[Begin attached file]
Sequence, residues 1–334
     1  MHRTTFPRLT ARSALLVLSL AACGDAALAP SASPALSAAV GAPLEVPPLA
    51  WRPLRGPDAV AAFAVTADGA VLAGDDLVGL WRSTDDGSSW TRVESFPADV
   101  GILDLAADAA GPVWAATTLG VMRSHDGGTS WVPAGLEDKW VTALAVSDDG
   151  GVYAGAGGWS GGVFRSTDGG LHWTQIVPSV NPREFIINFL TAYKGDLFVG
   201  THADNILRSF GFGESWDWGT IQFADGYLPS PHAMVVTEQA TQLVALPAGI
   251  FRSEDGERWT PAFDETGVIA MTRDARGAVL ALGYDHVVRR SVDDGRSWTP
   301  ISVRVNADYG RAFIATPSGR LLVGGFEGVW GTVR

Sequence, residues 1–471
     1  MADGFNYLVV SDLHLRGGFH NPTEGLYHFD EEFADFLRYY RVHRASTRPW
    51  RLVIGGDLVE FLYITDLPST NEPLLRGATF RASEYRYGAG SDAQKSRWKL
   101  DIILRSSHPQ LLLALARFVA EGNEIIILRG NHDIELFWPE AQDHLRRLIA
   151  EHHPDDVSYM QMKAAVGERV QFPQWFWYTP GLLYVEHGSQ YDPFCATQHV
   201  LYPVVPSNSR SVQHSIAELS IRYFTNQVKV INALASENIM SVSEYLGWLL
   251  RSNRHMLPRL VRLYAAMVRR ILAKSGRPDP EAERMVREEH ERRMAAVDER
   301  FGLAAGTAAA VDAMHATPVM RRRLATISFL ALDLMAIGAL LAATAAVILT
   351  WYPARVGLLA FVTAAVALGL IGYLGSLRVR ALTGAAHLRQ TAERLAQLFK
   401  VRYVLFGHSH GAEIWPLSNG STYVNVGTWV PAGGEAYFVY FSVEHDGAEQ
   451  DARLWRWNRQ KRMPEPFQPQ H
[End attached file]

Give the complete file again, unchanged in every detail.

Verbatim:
Sequence, residues 1–334
     1  MHRTTFPRLT ARSALLVLSL AACGDAALAP SASPALSAAV GAPLEVPPLA
    51  WRPLRGPDAV AAFAVTADGA VLAGDDLVGL WRSTDDGSSW TRVESFPADV
   101  GILDLAADAA GPVWAATTLG VMRSHDGGTS WVPAGLEDKW VTALAVSDDG
   151  GVYAGAGGWS GGVFRSTDGG LHWTQIVPSV NPREFIINFL TAYKGDLFVG
   201  THADNILRSF GFGESWDWGT IQFADGYLPS PHAMVVTEQA TQLVALPAGI
   251  FRSEDGERWT PAFDETGVIA MTRDARGAVL ALGYDHVVRR SVDDGRSWTP
   301  ISVRVNADYG RAFIATPSGR LLVGGFEGVW GTVR

Sequence, residues 1–471
     1  MADGFNYLVV SDLHLRGGFH NPTEGLYHFD EEFADFLRYY RVHRASTRPW
    51  RLVIGGDLVE FLYITDLPST NEPLLRGATF RASEYRYGAG SDAQKSRWKL
   101  DIILRSSHPQ LLLALARFVA EGNEIIILRG NHDIELFWPE AQDHLRRLIA
   151  EHHPDDVSYM QMKAAVGERV QFPQWFWYTP GLLYVEHGSQ YDPFCATQHV
   201  LYPVVPSNSR SVQHSIAELS IRYFTNQVKV INALASENIM SVSEYLGWLL
   251  RSNRHMLPRL VRLYAAMVRR ILAKSGRPDP EAERMVREEH ERRMAAVDER
   301  FGLAAGTAAA VDAMHATPVM RRRLATISFL ALDLMAIGAL LAATAAVILT
   351  WYPARVGLLA FVTAAVALGL IGYLGSLRVR ALTGAAHLRQ TAERLAQLFK
   401  VRYVLFGHSH GAEIWPLSNG STYVNVGTWV PAGGEAYFVY FSVEHDGAEQ
   451  DARLWRWNRQ KRMPEPFQPQ H